The United Nations war crimes tribunal for the former Yugoslavia today slightly reduced the sentence of a former leading Bosnian Serb politician jailed over his role in the ethnic cleansing that took place during the Balkan wars of the 1990s, but upheld most of his original convictions.
Radoslav Brdanin will now serve 30 years in jail after the appeals chamber of the International Criminal Tribunal for the former Yugoslavia (ICTY), sitting in The Hague, cut his sentence from 32 years.
The appeals chamber overturned the trial chamber’s finding that Mr. Brdanin’s conduct had a substantial effect on the commission of torture in detention camps run by Bosnian Serbs in north-western Bosnia and Herzegovina in 1992, saying there was no evidence that the Bosnian Serb forces were aware of his attitude towards the camps.
The judges also reversed the conviction for the wanton destruction of cities, towns or villages as far as it related to the municipality of Bosanska Krupa.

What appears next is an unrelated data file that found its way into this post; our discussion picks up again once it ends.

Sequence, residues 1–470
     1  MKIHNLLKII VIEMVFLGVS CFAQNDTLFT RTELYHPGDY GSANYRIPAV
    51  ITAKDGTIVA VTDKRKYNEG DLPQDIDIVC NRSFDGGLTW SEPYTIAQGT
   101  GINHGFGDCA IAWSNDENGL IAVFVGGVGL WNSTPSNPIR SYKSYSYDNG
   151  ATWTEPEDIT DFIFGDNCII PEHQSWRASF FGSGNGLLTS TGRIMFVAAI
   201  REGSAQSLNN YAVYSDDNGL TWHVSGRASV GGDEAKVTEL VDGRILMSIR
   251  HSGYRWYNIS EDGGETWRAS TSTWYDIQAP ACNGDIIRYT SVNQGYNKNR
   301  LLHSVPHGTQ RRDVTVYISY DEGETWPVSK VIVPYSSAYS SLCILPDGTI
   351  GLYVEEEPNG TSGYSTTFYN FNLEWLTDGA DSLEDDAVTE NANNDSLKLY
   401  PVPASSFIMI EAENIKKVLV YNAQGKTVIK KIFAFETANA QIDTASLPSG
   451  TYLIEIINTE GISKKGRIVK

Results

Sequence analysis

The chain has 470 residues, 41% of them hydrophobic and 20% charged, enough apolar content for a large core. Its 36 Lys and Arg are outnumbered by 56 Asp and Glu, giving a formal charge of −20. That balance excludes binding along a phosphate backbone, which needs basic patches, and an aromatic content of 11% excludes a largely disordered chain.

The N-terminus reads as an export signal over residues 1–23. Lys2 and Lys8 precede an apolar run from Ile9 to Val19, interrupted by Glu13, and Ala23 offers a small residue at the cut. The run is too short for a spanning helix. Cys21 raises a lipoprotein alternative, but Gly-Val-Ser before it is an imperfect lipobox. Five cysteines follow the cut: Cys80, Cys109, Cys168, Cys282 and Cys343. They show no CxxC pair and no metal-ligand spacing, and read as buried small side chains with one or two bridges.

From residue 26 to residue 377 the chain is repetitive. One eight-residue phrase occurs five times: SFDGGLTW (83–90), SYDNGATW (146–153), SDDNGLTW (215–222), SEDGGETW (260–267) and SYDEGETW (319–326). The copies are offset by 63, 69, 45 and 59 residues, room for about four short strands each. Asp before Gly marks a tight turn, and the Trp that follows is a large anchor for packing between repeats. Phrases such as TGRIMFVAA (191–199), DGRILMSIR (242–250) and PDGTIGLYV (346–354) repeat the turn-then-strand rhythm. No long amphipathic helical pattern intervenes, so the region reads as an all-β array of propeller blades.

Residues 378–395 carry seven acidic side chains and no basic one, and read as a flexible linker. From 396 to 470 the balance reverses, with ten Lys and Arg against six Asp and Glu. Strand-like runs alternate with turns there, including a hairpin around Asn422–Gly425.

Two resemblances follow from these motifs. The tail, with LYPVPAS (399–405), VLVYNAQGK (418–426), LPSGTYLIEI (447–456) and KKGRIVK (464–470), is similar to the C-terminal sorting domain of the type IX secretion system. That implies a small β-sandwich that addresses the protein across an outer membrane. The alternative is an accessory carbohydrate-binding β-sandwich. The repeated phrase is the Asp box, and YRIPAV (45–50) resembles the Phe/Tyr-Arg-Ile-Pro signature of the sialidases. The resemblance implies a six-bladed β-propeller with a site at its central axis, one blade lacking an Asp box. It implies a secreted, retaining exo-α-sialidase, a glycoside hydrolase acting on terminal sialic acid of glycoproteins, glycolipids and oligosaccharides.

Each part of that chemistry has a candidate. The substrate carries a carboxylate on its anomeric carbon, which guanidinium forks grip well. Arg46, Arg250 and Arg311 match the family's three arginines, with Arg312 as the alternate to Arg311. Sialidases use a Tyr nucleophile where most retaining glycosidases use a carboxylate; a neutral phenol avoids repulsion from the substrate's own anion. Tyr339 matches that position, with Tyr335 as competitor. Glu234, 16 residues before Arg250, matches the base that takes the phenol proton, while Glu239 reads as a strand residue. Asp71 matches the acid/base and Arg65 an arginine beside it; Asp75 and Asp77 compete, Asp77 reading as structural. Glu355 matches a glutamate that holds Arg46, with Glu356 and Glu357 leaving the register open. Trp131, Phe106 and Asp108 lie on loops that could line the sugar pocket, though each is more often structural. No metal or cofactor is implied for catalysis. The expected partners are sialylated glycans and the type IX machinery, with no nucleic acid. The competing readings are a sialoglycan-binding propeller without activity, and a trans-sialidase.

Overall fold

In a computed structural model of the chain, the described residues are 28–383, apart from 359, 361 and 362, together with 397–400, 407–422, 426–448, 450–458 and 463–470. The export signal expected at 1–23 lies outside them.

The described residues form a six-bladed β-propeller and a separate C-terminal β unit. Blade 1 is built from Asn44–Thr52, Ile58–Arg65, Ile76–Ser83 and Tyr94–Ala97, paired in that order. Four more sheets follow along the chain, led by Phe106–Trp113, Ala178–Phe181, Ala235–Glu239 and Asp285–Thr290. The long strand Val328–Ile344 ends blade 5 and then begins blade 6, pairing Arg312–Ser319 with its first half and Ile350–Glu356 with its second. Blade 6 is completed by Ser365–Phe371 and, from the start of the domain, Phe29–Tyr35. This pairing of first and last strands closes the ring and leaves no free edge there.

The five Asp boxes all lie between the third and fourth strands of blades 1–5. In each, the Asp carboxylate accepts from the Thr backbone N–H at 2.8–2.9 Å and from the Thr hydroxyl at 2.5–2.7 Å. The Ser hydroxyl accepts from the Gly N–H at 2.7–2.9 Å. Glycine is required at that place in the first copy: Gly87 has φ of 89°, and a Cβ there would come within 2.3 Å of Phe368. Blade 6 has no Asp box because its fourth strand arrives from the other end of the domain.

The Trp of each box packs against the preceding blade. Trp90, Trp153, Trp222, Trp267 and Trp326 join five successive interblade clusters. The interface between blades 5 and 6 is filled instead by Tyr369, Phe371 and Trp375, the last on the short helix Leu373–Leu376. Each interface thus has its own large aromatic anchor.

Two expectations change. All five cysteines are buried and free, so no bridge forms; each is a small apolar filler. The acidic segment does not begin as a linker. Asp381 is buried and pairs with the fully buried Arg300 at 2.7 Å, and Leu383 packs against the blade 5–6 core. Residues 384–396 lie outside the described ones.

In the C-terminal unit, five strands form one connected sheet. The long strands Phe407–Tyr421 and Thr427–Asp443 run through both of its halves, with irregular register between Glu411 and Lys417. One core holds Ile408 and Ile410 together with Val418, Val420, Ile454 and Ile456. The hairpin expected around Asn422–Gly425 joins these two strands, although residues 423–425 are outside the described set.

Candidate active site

But they reaffirmed nearly all other convictions for Mr. Brdanin’s role in a campaign of ethnic cleansing between April and December 1992 in the Autonomous Region of Krajina (ARK), an area created by Bosnian Serbs as part of a self-styled state. Those convictions include wilful killing, torture and persecution.
Mr. Brdanin held various prominent positions within the region at that time, including serving as President of the ARK Crisis Staff. He was also later a minister and acting vice-president in the Republika Srpska government.
In September 2004 the ICTY’s trial chamber found there had been a systematic and strategic plan by the Bosnian Serb state organizers to permanently remove Muslims and Croats from the ARK, and that Mr. Brdanin was well aware of such a plan and had contributed to it.
Prosecutors had told the Tribunal that while Mr. Brdanin had not physically carried out any of the crimes, he had “participated in a joint criminal enterprise” of ethnic cleansing.
Today, the appeals chamber said that while it had reduced the original sentence to reflect the reversal of certain convictions, given the gravity of the convictions that it had upheld, the reduction in jail term should be limited.